Newsies review – ‘tis the season for Disney musical about industrial relations

5 months ago 51

Newspaper hawkers, oregon “newsies”, beryllium to a bygone property but the issues successful this US philharmonic astir their 1899 onslaught are today’s headlines. Quandaries of concern action, the conflict for unionisation and crises of homelessness and kid exploitation diagnostic successful the story, based connected a 1992 movie flop starring a teenage Christian Bale.

In the philharmonic – which reaches the UK 10 years aft Broadway – we find Joseph Pulitzer, steadfast of the New York World, callously delighting successful a “genius” program to summation profits by raising the terms newsies wage for the papers they sell. (The crippled muddies past arsenic the hike came during a roar successful circulation owed to the Spanish-American warfare truthful was eased by accrued income for hawkers.) The trim to newsies’ net is neatly contemplated from his barber’s seat but arsenic Pulitzer, Cameron Blakely is fixed small much than a panto villain to play.

His adversary is Jack Kelly, charismatically played by Michael Ahomka-Lindsay, who leads an service of hard-knock orphans with a Miss Hannigan-esque warden nemesis. This being a Disney philharmonic there’s cute small Les (played contiguous by Oliver Gordon), who says the darnedest things, but speech from his member Davey (Ryan Kopel) and amiable Crutchie (Matthew Duckett) the newsboys are thinly drawn. A cadre of newsgirls aboriginal tempest the stage, nary fixed a important role.

The Newsies formed  with Michael Ahomka-Lindsay, connected  the close    successful  the backmost  row, arsenic  Jack Kelly.
The Newsies formed with Michael Ahomka-Lindsay, connected the close successful the backmost row, arsenic Jack Kelly. Photograph: Johan Persson

An energetic ensemble charges successful and retired of the audience, swings connected elephantine lightbulbs and covers a signifier level smudged with newsprint and dominated by decorator Morgan Large’s scaffold acceptable combining New York occurrence escapes and washing lines strewn with agelong johns. The film’s sepia palette is swapped for an inkier plan with sparing splashes of colour successful the costumes by Natalie Pryce.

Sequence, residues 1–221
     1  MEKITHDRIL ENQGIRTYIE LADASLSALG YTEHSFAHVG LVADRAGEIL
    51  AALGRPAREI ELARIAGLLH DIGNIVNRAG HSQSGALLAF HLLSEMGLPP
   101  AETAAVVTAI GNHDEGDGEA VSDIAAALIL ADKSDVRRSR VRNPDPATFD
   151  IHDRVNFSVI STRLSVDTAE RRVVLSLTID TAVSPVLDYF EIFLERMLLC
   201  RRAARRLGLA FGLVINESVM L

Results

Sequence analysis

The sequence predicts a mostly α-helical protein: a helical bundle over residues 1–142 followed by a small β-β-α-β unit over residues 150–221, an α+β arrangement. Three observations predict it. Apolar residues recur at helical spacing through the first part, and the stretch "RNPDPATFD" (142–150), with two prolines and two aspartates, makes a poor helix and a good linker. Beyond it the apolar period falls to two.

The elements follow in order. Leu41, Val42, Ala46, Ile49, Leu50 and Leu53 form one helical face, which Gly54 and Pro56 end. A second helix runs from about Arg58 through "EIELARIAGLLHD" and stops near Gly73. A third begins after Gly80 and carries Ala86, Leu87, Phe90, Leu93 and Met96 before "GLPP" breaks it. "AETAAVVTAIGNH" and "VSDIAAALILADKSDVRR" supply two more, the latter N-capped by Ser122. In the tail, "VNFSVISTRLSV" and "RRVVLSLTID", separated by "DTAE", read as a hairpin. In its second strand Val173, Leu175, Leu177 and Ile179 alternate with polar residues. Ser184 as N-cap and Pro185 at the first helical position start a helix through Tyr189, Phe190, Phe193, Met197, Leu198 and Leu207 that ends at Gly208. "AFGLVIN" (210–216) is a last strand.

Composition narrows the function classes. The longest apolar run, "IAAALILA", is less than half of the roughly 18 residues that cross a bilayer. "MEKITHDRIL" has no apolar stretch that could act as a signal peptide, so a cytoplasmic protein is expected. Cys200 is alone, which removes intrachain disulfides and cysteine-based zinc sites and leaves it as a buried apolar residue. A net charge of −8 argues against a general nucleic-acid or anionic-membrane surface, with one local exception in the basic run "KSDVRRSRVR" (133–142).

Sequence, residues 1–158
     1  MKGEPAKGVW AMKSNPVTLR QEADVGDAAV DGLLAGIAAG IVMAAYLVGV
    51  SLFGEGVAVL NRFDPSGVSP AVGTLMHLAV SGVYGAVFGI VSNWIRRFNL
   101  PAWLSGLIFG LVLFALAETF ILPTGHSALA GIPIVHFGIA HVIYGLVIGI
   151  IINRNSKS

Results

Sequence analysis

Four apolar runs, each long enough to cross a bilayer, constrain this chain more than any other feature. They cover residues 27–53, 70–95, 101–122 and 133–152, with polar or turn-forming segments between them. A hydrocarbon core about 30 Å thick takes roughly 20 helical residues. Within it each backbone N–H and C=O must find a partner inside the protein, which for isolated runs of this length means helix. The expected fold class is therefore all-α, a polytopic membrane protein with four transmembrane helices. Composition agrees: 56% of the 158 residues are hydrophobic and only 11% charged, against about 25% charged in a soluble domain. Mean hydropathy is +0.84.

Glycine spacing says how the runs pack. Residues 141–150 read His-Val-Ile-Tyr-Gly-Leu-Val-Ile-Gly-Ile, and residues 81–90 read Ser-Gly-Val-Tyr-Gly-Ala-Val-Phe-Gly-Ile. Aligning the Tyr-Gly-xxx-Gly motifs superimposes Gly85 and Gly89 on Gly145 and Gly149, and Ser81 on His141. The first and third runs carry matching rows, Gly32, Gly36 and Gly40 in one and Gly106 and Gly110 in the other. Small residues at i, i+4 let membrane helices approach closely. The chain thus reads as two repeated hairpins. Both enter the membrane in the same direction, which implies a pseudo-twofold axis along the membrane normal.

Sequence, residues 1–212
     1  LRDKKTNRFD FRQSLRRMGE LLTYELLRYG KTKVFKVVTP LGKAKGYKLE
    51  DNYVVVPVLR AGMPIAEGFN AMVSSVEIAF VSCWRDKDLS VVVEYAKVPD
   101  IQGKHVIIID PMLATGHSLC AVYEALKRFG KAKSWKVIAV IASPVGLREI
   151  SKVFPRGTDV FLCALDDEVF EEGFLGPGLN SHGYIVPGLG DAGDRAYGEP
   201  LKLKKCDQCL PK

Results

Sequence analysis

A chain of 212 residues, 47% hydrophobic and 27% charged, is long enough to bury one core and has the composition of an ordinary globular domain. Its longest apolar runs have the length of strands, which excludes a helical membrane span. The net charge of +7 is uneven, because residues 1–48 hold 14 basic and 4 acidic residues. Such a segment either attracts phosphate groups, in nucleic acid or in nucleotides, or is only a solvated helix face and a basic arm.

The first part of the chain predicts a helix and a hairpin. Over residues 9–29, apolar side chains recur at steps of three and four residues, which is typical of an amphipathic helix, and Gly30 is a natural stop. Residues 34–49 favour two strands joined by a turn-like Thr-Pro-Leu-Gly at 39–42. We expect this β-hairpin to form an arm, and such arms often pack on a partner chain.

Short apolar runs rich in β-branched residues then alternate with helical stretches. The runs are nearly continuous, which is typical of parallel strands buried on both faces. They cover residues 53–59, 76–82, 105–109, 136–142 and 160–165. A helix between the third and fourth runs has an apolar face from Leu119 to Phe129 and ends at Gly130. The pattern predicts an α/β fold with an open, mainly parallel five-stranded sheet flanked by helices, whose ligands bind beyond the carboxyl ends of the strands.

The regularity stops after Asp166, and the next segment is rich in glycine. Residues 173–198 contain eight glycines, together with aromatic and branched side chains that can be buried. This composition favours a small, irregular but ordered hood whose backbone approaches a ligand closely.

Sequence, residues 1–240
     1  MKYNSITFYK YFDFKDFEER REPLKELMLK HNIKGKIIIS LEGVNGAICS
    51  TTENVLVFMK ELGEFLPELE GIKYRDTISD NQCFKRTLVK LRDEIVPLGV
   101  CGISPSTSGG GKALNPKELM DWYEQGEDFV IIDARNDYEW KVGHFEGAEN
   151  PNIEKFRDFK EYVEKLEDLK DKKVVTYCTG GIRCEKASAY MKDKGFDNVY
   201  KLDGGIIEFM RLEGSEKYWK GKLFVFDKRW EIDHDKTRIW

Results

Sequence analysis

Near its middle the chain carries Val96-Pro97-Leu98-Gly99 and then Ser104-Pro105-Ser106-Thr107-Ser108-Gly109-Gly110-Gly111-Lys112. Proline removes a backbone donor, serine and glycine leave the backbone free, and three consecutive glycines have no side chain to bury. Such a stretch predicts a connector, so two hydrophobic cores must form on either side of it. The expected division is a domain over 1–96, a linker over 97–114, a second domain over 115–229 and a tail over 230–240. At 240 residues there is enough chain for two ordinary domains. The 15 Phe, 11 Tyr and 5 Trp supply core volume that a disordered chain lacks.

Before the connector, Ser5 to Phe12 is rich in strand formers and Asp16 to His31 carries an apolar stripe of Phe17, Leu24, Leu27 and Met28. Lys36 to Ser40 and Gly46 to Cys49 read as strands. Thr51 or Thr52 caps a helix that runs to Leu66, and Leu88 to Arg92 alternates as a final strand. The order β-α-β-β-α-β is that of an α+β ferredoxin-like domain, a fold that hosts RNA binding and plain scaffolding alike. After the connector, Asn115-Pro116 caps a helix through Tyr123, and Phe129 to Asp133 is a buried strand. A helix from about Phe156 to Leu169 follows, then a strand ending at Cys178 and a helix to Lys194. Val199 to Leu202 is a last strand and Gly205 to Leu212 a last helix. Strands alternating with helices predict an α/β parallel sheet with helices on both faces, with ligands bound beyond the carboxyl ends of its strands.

Director Matt Cole builds a Jerome Robbins-style choreography from clenched fists and delicate jetés, stamped feet and dizzying pirouettes. It creates a consciousness of corporate action, and the flashier moves reflector their wisecracks, but these occasionally acrobatic routines are oddly unemotional. There is simply a fistful of soaring anthems (stirring euphony by Alan Menken, generic motivational lyrics by Jack Feldman, brassy punch from Nigel Lilley’s orchestra) and beardown solos by Moya Angela and by Bronté Barbé arsenic a rookie newsman who falls for Kelly. Barbé’s screwball vigor matches Harvey Fierstein’s snappy book, which could person deepened their romance.

The complexities of the newsies’ conflict whitethorn consciousness under-explored for adults, but arsenic a primer connected unionisation successful our wintertime of discontent it’s a refreshing proposition for younger audiences. And the triumph of comradeship against firm self-interest fits the play of goodwill.

Read Entire Article